Chassis III

Disregard the notice in blue. Grandpa had made a special version of the chassis III - and it was measurements on this one that led to this notice. The chassis III pictured below does not have this little problem. It should be roughly equivalent to an equal chassis II. (For some, chassis II is harder to build - so chassis III is a good option. The fastest car Grandpa has built, however, was still a chassis II - possibly because the "spring" constants were better adjusted than they were on his chassis III.

New notice about chassis III: Grandpa has discovered that this chassis III design has a flaw. Though it provides some independence for the wheels, it is not as good as chassis II for that. Side to side works well, but there is some effect of the opposite wheel on the other side when any wheel is pushed up. (Disregard this notice.)

Here is a description of how to build chassis III - and some examples of what others have done with it.

Grandpa's cars are not pretty. Though this car may be ugly, it has some beauty of design. Others have made some very beautiful versions, which are pictured below.

First, here is Grandpa's original version. Grandpa came in second with this car, and that's what got the analysis going - why was it slower than chassis II? It was then raced against the old chassis II, and sure enough, chassis II was faster.



The Next picture shows the shape to cut from the side. Before this cut is made, drill the holes for the axles while you have the whole stable block.

Notice that the weights are attached on soft foam, as with the older chassis. The old weight shape is probably a little better than this setup, so look back at that.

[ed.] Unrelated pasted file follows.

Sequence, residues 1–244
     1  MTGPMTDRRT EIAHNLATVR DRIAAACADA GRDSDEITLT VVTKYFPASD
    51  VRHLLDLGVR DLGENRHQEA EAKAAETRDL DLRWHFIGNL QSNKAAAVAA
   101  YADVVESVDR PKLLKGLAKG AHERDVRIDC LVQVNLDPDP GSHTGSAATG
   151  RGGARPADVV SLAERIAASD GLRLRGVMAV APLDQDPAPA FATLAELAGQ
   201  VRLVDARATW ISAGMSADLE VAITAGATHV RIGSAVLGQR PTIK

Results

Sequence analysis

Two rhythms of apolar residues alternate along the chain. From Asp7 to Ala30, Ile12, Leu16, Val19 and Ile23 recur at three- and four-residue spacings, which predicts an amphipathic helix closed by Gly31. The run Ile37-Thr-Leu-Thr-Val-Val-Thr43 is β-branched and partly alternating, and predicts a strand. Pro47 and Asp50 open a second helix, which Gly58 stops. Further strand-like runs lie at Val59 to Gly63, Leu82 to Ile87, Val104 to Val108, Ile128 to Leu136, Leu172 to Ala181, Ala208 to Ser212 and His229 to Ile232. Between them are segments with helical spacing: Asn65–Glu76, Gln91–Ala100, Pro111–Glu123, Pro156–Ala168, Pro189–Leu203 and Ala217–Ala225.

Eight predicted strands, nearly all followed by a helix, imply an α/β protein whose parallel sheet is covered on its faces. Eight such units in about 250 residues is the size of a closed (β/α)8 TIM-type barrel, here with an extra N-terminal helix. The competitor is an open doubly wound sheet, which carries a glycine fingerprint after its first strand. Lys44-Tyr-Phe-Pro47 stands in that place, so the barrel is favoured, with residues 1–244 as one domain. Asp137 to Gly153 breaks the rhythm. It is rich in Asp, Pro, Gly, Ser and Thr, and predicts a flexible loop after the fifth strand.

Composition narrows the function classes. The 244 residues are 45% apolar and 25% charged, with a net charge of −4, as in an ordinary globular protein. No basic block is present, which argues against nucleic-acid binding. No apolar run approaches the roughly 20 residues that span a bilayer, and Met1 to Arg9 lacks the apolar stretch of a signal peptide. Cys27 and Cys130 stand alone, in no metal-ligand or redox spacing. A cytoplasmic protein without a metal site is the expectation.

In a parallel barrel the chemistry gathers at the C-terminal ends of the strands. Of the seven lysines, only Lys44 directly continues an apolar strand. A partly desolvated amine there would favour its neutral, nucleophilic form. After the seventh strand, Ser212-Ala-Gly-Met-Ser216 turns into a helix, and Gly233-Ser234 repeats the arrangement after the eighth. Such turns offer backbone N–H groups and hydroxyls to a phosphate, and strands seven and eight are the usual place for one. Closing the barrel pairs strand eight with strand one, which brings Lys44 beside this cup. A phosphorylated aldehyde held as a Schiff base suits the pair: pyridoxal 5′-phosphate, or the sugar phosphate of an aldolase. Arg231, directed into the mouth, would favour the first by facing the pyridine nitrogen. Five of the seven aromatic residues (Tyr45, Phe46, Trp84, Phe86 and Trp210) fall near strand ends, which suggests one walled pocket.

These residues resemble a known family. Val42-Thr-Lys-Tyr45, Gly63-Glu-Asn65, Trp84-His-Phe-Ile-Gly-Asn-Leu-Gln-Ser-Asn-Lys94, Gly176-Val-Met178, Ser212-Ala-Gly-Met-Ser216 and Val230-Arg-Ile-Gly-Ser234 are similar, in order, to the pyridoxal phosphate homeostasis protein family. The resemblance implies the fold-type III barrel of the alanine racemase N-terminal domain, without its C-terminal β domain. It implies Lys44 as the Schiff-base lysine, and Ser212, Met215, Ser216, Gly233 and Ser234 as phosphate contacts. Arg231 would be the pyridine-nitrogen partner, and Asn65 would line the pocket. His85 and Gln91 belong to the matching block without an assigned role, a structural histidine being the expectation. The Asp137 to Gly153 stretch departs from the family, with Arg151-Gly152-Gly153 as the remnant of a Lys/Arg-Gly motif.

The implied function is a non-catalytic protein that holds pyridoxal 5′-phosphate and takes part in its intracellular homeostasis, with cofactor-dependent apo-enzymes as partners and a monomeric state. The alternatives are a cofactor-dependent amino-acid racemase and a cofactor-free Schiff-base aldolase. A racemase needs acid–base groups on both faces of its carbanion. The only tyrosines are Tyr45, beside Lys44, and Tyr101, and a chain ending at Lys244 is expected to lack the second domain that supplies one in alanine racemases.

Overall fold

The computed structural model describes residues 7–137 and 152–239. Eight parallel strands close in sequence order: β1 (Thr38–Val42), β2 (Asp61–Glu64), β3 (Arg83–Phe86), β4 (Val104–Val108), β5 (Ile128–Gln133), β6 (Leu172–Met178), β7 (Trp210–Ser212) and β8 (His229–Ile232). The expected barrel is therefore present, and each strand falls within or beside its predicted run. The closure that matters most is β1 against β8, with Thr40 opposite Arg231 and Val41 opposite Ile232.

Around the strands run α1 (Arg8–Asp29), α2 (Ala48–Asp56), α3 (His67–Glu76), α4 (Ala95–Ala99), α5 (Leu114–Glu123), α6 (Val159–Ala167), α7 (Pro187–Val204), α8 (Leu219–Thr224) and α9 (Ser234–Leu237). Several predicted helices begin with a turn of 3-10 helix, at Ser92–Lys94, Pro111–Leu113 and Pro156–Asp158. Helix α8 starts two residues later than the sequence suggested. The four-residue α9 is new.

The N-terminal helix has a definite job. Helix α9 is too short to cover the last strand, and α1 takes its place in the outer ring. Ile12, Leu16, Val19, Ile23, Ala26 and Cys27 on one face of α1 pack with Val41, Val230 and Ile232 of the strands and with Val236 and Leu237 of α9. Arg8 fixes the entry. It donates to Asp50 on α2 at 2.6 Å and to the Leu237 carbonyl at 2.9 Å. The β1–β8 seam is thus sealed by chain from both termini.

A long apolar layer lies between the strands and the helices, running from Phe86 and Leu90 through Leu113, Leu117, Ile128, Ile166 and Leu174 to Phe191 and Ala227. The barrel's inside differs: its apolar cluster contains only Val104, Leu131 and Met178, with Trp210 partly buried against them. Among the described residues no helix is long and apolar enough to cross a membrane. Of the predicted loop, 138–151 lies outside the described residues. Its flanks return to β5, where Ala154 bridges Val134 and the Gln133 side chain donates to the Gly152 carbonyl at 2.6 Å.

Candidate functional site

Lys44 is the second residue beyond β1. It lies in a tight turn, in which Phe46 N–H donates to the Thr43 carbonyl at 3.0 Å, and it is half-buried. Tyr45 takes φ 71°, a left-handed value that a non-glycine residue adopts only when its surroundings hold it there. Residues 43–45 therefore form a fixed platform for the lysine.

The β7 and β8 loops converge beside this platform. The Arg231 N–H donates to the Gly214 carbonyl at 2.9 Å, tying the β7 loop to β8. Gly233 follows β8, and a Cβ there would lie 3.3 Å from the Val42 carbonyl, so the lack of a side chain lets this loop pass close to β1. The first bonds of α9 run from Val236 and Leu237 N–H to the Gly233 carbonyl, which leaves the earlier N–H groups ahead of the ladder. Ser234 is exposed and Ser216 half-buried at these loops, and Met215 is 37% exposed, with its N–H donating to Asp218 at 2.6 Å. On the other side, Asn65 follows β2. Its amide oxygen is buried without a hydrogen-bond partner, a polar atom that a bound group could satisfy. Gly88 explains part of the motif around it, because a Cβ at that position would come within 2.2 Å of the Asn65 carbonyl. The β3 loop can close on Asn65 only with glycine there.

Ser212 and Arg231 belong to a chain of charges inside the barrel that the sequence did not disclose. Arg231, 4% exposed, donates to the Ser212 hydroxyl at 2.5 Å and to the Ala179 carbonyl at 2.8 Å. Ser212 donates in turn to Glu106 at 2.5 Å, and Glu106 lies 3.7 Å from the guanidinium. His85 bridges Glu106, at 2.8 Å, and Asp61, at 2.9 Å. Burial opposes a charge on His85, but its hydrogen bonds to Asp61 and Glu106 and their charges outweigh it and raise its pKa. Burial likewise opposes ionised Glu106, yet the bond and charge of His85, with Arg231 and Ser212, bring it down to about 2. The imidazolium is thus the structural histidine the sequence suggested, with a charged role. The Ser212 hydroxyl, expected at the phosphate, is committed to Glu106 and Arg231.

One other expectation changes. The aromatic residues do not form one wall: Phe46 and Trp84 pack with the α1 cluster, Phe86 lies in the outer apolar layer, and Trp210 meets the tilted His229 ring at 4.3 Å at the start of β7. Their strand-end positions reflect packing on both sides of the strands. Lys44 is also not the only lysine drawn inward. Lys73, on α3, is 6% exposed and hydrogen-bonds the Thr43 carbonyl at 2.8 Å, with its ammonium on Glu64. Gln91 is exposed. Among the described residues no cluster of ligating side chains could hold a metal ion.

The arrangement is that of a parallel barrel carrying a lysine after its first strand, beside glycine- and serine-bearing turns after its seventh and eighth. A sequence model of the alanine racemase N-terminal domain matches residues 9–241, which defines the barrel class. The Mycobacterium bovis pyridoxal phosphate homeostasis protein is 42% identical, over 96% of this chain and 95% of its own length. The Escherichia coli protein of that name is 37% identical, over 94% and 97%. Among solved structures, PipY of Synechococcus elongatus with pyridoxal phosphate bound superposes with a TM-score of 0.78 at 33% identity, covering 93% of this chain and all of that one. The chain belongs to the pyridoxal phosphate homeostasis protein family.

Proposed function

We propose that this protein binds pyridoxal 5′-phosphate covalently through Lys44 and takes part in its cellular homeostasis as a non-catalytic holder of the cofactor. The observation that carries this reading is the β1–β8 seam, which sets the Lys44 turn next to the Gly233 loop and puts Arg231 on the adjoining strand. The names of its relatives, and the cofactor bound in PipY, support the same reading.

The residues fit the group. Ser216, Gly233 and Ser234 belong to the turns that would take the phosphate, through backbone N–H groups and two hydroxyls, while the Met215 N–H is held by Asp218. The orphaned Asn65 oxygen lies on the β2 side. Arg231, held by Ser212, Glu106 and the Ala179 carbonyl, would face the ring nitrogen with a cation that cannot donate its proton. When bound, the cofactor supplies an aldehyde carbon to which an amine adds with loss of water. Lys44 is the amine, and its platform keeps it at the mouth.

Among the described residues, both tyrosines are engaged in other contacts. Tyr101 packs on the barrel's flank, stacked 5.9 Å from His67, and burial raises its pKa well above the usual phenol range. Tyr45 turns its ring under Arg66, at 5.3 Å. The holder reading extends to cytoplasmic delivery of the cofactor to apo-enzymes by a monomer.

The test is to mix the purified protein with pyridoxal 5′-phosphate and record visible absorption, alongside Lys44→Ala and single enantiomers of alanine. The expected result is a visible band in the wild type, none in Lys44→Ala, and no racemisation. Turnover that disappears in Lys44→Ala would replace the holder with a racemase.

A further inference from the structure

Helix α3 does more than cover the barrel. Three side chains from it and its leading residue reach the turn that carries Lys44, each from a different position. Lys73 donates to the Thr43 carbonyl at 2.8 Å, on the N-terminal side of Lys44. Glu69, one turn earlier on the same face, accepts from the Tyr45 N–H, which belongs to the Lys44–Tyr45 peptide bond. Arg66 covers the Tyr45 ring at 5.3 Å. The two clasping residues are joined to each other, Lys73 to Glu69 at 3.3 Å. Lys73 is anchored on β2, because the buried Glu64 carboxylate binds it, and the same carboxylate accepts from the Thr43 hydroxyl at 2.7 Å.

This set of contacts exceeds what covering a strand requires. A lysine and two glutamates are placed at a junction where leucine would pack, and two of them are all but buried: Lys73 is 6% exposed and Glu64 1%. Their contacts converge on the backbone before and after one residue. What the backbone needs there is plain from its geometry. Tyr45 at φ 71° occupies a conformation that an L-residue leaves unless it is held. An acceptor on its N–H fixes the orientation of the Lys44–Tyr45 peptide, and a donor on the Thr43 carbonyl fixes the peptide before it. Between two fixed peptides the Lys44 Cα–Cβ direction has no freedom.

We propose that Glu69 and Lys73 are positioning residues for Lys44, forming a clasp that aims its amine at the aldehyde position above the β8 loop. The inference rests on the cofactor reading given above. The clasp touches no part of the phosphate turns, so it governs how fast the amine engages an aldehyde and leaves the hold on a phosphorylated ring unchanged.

You will notice from this picture that the "knee" is above ground level. You must cut it this way. This is a very flexible chassis, and you want to be sure nothing touches the track guide as the wheels negotiate the little bumps, etc. The thickness of all the parts of this chassis make it look weak. It is quite strong. You will notice that the knee has some length to it - that's because this is a part of this chassis that needs a little extra strength. This entire cut for your block is easy on a band saw. Draw a pencil line on your block and saw it out. Leave everything a little thicker than this, and then you can sand to get the right stiffness. This cut will be more difficult with a coping saw, though it can be done. There is no need for boiling and re-shaping, as with Chassis II.


From the next two pictures, you get the advantage of this design. Each of the arms going to each wheel is very wide, HALF the width of the car. In the Chassis II design (The one that has come to be called the "FLEX," the arms go only 1/6 way across the car. They have far less lateral stability than this Chassis III design. On the car sent in by Peter Kappertz, Troop 740, Cascade Pacific Council, called "The Frog," the arms go 1/4 way across, which was an improvement for lateral stability over Chassis II. It requires lots of "milling" to make one of these. That "Frog" is very impressive to Grandpa, and it was part of the inspiration for Chassis III. It combines horizontal separation along with vertical separation to get the parts to work together. Chassis III uses this principle in such a way that no milling is needed. You need only a saw and a drill for axle holes.